I guess it was inevitable. I’ve been creating new versions of Shaana in practically every medium since I first came up with her in 1995. She’s been in tons of games, I’ve made big and small plastic models, a Ral Partha miniature and a 1:6 scale doll. And when I returned to Lego, she was one of the first custom minifigs I created. I’ve even made a Friends minidoll out of her. So when the new, smaller balljoints were introduced with the Mixels theme in 2014, I started thinking about building my own, large scale Shaana, inspired by all the cool, posable mechs that Lego create.
Admittedly, Shaana was designed around her chestplate. While not particularly realistic or comfortable, it was one of the original design ideas, and I needed domes in silver. After finding those, I built the torso and then started looking for suitable silver pieces to cover it. I didn’t want to make any custom spray painted parts, but metallic silver is a very uncommon Lego colour. Luckily, I came across the Agents theme from 2008, which used tons of silver pieces, many of them curved slopes. I ordered a bunch of loose parts and an actual set with came with plenty of them.
For the head, I started with the face. I wanted to use transparent cheese slopes for her eyes, and this proved tricky. The face is actually built in two directions at once. Eventually, I managed to fit all this together in a sturdy way. I then added her hair, which flows down her back assisted by plenty of hinge plates. The front is rather fragile, but I wanted to approximate her braids.
The shoulders were originally orange wedges, but when shopping around I came across actual shoulder plates from one of Lego’s previous maxifig themes, Knights Kingdom II. I experimented with a shield and shinguards in addition to these, but eventually settled down with just the bronze pauldrons. Moving down the arm, Shaana wears a blue dress under the armor, so the sleeves can be seen. I had planned to make a lower section covering one of her legs, but it turned out to be tricky to fit it. Before adjusting her proportions I wanted to use 1×3 plates and found out that they were incredibly rare in medium blue – luckily I don’t need them anymore. The lower arm is fairly straight-forward, with hands inspired by the Samurai Mech. These are able to hold her sword firmly in one or two hands.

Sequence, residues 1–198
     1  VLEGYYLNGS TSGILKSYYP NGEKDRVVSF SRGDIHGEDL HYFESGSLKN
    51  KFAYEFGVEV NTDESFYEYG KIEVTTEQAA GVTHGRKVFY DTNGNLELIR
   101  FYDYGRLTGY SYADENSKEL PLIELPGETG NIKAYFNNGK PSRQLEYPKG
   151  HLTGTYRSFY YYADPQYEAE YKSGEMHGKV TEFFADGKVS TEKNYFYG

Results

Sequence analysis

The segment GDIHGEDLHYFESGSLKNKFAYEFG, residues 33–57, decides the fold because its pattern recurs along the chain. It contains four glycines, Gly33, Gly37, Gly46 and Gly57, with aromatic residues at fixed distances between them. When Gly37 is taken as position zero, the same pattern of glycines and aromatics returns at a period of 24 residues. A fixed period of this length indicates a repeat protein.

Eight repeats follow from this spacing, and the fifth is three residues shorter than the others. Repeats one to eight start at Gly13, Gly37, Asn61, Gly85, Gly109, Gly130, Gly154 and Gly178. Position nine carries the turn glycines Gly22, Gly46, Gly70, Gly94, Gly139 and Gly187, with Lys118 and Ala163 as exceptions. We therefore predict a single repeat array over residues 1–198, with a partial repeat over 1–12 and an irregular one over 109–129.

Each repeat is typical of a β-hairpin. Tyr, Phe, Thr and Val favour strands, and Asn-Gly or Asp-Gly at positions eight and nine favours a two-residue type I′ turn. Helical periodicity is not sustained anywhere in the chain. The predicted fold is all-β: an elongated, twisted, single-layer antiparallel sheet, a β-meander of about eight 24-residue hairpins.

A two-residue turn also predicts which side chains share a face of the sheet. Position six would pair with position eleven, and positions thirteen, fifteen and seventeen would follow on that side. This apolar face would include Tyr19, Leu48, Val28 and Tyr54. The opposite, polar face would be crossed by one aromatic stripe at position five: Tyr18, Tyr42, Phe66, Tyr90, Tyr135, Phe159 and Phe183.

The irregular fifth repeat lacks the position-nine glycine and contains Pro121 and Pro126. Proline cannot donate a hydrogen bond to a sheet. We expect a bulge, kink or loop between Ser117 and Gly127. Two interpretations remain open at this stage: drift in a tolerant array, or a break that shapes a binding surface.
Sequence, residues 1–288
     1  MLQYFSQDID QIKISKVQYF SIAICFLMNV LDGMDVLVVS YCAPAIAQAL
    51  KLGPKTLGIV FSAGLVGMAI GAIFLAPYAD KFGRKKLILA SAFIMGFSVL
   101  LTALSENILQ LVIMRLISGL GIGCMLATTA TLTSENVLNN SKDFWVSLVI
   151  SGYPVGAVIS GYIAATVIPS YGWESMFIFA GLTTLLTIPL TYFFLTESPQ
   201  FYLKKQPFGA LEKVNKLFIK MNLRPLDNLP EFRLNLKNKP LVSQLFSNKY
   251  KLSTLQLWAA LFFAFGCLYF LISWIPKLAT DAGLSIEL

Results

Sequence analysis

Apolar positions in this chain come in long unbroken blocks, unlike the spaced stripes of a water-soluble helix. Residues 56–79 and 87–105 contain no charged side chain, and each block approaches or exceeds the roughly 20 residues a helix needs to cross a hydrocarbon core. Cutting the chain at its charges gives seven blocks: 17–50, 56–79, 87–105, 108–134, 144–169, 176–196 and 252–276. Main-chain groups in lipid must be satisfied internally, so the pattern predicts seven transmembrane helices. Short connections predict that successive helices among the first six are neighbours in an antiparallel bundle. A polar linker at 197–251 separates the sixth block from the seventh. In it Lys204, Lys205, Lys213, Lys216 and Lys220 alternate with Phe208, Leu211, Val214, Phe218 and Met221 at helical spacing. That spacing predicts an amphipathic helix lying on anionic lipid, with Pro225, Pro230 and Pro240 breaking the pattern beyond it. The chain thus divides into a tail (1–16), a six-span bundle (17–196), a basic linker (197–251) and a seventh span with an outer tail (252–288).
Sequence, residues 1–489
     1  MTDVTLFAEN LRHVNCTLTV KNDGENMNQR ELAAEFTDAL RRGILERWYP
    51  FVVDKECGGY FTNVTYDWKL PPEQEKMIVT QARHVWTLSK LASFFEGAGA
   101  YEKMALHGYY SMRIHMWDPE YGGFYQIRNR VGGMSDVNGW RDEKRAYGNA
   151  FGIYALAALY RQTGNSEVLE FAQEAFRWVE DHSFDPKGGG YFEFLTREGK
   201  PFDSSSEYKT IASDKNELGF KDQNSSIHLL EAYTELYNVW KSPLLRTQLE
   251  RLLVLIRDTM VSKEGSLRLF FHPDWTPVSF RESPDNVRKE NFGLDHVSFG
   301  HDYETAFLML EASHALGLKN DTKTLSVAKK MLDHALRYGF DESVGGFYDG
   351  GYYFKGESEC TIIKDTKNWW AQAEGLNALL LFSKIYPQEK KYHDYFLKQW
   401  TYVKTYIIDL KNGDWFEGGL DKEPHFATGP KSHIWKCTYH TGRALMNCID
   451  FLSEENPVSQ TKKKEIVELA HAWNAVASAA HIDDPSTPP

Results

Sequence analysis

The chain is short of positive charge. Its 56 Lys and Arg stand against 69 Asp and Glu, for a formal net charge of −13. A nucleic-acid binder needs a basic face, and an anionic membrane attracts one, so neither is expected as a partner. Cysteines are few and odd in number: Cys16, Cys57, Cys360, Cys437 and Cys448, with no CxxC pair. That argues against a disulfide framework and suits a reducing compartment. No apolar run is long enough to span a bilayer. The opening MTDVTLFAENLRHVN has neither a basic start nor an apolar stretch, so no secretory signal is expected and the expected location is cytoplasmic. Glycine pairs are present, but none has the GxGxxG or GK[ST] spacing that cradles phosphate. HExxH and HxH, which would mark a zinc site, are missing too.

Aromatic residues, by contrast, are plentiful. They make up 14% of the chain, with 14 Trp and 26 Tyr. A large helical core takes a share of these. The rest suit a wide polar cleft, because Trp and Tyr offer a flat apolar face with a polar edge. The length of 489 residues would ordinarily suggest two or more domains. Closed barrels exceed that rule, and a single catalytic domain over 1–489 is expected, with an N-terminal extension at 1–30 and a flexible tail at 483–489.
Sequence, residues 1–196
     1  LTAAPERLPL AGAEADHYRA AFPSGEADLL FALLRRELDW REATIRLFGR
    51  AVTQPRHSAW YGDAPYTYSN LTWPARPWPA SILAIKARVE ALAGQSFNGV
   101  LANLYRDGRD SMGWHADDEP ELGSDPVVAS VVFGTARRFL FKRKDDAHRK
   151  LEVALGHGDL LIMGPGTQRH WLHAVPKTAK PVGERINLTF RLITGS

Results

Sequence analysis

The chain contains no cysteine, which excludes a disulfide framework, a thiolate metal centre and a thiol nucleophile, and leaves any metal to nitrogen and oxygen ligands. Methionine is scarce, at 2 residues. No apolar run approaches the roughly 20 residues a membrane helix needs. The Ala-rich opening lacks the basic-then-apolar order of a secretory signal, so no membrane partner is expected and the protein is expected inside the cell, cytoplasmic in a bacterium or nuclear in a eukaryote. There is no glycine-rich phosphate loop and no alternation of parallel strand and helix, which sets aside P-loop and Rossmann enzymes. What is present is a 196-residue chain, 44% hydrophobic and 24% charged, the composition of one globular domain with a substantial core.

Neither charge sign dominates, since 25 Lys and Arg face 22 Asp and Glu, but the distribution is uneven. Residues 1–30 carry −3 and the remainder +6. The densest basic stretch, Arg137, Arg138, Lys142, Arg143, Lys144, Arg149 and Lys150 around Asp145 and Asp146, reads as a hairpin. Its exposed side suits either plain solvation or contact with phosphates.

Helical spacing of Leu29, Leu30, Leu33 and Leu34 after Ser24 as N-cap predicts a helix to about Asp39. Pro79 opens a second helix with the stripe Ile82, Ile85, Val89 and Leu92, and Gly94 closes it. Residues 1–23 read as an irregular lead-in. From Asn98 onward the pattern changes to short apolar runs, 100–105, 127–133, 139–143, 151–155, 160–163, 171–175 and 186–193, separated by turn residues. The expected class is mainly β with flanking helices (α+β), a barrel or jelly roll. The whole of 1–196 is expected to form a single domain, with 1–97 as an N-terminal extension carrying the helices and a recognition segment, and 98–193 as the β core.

Her hips went through some design phases, trying to make a sturdy center. After some attempts I ended up with a 2×4 section pretty much all down through her waist, which makes her tough enough for posing. The waistcloth hinges in sections to allow her legs to move better. I can also note that I was originally going to settle for dark grey cheese slopes on her waist and just get her finished before Christmas… and then I found that the exact colour I wanted was being released in the 2015 lineup. So I actually bought two Star Wars sets just for those four pieces. Umm, yeah.
The legs have been greatly improved and lengthened to fit her heroic proportions, but the skinny original knee remains. Again, some silver helped define her armour. The boots proved interesting. At first I was using a standard ball joint for the ankles, but they were much too weak to hold her weight (don’t tell her I mentioned her weight though!). I brought in ratchet joints, but the pin was the low-friction version. With a rod added inside her shins, enough friction was generated to make her stable.
There isn’t much in terms of accessories, although I could certainly come up with a few. Her original Dragon’s Toothpick two-handed sword was essential, of course. The blade is a helicopter rotor which tends to see reuse like this, but since it doesn’t come in silver I tried to spice it up with 1×6 tiles pulled from the Agents set. Finally, her cloak is made from standard cloth, and clasped to her armor with gold chains.
While I realize that most of the world doesn’t share my fascination for this character, I’m very, very happy with how this turned out. As with any Lego project, I kept adding new parts and replacing old ones, so I don’t really want to speculate on how much she cost to make. It was worth it, though. And now I guess it’s only a matter of time before I start making an entire lineup of these…